A counter can be as simple as:

int count = 0;


if (condition)

Now, to incorporate that into your loop, you might do something like:

int count = 0;

while (count < THRESHOLD)
share|improve this answer
yes, but thats a simple counter. How can I say if that condition happens in less than 4 seconds, then break ? –  NLed Dec 12 '11 at 15:20
@Fendi, always keep the timestamps of the three last flashes (that is, with each new one, keep the new one and throw that 4th one out) and make your while condition like this: while (count < THRESHOLD || now - time_of_third_last_flash > 4seconds) –  Shahbaz Dec 12 '11 at 15:24

you want to detect 3 distincts flashes emitted with exactly 1 second between 2 flashes ? so 3 flashes in 2 seconds (not 4)... ? (flash1 is the start, flash2 after 1 second, flash2 after 2 seconds. so 3 flashes in 2 seconds).

here is a simple code with no timer and no array that do this detection :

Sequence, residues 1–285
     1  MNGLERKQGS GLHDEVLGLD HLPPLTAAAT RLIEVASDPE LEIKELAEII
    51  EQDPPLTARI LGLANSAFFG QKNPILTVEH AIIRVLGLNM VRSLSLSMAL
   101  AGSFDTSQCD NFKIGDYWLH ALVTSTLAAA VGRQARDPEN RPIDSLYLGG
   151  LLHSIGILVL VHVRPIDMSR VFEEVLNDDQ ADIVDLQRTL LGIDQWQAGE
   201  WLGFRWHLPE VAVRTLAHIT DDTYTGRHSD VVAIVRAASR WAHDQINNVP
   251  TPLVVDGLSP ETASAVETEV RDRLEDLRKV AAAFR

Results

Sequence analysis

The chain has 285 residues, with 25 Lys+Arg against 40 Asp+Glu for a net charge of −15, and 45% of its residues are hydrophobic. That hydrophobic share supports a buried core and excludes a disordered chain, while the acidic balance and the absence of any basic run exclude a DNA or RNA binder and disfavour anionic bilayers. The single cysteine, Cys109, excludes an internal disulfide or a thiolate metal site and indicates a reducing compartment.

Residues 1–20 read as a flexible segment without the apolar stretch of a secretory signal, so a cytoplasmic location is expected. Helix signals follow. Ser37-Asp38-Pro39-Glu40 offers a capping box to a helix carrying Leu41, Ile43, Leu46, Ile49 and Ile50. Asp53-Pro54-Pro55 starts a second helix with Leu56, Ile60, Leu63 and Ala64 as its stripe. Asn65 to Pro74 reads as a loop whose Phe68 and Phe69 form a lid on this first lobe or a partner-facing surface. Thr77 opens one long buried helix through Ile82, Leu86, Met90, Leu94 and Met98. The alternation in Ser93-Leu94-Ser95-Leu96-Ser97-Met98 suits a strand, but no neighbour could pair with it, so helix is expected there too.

// the while loop waits for the first flash, ie : wait for sample(2) > light_1
    while(sample(2) <= (light_1))
        // if you know that a flash lasts n ms, you can add "sleep(n);" in this loop,  so you will use less cpu.
    // now the first flash is emitted, we will wait for 1 second before looking for the second flash
    if(sample(3) <= light_1)
    // if after 1 second, there is no flash, ther will not be 3 flashes in 2 seconds.
    // so we restart from the first flash (the "continue;" instruction do that)   
    delay(1); // the second flash was catched, then we wait for 1 second before looking for the third flash.
    if(sample(4) <= light_1)
    //so if sample(4 > light_1), we have 3 flashes, each 2 are separated by 1 second then you can do the function you want.
    do function...
    // once finish the function, we loop back to the beginning to start looking for the first flash again.

you have to be sure that light_1 = sample(1) was not taken when a flash was emitted. i think of two ways to do that :

1 - if you know the lenght of the flash (eg : 20 ms), take 3 or 4 values separated with the lenght of the flash to get of good value of light_1 :